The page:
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Press releases Office of the High Commissioner for Human Rights

Guatemala: UN Human Rights Chief Volker Türk expresses deep concern at persecution of judicial officials

18 January 2023

Civil society organizations hold a sit-in in front of the Supreme Court of Justice in support of the former head of the Special Prosecutor's Office, Virginia Laparra, who is facing trial for the alleged crime of continuous abuse of authority, in Guatemala City on 28 November 2022. Ⓒ EPA-EFE

GENEVA, 18 January 2023 – UN High Commissioner for Human Rights Volker Türk on Wednesday expressed deep concern at repeated intimidation, harassment and reprisals against justice officials and other individuals involved in efforts to combat impunity for human rights violations or working on anti-corruption cases.

“It is dramatic, given Guatemala’s history, that those fighting for accountability for gross human rights violations are the ones now being persecuted,” said Türk.

“Equally concerning are the attacks against those trying to combat one of the worst viruses to afflict any society: corruption.”

Justice officials and other individuals involved in fighting impunity or in anti-corruption processes have been investigated, detained, charged and even convicted for abuse of power, obstruction of justice and conspiracy. In addition, several others have left the country out of fear for their safety.

Between 2021 and 2022, the UN Human Rights Office in Guatemala documented a more than 70 percent increase in the number of justice officials facing intimidation and criminal charges for their work on corruption or human rights violations, particularly those that occurred in the context of the armed conflict that took place between 1960 and 1996.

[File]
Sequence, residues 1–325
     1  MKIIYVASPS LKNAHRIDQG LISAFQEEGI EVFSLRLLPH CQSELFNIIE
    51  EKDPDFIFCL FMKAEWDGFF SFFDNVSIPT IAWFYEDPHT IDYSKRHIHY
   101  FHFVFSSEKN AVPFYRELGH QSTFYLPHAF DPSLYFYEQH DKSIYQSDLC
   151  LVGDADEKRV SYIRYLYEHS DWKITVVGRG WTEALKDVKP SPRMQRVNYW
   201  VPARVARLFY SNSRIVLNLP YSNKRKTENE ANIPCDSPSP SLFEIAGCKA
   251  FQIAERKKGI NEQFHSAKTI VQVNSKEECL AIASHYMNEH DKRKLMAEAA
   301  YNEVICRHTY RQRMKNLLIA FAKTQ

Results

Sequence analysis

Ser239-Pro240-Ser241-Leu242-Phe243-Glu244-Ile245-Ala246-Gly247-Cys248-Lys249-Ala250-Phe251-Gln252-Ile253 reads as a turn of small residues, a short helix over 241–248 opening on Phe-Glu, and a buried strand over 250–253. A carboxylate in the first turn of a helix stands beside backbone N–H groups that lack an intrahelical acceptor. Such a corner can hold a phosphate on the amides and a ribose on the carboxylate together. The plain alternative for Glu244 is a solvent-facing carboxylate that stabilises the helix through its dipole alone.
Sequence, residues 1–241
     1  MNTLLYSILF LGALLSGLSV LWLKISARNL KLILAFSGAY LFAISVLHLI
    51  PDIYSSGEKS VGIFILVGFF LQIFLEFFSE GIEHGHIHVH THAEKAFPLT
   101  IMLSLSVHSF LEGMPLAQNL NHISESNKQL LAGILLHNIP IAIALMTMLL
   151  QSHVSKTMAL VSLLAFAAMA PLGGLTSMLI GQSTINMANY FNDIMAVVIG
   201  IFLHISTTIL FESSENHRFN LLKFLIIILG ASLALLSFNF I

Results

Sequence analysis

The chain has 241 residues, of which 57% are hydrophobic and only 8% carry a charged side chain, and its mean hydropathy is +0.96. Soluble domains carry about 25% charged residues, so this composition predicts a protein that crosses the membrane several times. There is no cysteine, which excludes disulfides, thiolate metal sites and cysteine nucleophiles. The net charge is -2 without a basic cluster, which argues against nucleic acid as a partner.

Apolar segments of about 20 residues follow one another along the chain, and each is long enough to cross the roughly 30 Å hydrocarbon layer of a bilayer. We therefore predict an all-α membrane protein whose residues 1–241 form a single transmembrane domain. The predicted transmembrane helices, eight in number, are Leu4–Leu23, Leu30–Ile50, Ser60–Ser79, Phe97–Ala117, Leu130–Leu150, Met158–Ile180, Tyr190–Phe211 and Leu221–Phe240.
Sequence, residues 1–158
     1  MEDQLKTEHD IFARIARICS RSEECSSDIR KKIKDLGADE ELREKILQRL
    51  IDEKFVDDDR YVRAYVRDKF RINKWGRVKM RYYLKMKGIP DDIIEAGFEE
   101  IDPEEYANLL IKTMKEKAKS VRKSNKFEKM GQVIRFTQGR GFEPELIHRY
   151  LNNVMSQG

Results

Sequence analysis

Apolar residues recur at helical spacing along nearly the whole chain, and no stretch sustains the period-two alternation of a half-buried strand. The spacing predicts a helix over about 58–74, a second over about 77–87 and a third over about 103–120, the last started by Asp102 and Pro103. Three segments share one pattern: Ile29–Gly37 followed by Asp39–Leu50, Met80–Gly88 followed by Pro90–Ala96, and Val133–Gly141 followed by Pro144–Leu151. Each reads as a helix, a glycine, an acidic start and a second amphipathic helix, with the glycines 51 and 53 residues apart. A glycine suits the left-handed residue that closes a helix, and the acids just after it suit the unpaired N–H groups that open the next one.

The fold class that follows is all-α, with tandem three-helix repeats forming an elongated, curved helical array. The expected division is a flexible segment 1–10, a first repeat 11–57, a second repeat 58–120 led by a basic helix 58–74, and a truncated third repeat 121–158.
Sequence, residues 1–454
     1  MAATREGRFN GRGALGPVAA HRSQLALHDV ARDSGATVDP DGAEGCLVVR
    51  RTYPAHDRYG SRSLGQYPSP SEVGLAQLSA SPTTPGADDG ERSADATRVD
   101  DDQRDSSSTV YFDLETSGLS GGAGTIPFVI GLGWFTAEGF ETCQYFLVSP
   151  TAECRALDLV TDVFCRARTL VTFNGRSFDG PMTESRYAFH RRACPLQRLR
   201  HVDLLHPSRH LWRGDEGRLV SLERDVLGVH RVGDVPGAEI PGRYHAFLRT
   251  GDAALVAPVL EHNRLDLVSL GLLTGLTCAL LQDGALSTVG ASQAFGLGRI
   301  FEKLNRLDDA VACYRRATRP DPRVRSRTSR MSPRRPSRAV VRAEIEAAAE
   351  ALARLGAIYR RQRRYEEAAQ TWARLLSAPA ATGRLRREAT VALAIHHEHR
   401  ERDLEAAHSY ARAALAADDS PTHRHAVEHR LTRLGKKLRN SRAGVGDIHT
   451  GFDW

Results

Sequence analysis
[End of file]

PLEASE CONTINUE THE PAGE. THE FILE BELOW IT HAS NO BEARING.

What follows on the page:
On 16 January this year, the Chief of the Special Prosecutor’s Office against impunity (FECI – Fiscalía Especial contra la Impunidad) announced warrants of arrests against three justice officials. One was a staff member of CICIG, the International Commission against Impunity in Guatemala, a UN-backed body charged with investigating and prosecuting serious crimes in the country. The Government closed down CICIG in 2019.

Between 2007 and 2019, CICIG assisted the national judicial system in dealing with more than 100 high-profile cases of alleged corruption and other criminal offences involving Government officials, members of Congress and the Courts, and several individuals in the private sector.

Upon the disbanding of CICIG, there has been a steady increase in the number of cases of harassment and criminal charges against its former officials, and prosecutors.

“These judicial processes and the lack of due process guarantees undermine the rule of law in the entire country,” said the UN Human Rights Chief.

“I call on the authorities to take appropriate measures to strengthen and guarantee the independence of the justice system and provide the necessary protection to justice officials.”


For more information and media requests, please contact:
In Geneva
Liz Throssell + 41 22 917 9296 / [email protected] or
Jeremy Laurence +  +41 22 917 9383 / [email protected] or
Marta Hurtado - + 41 22 917 9466 / [email protected]

In Nairobi
Seif Magango - +254 788 343 897 / [email protected]

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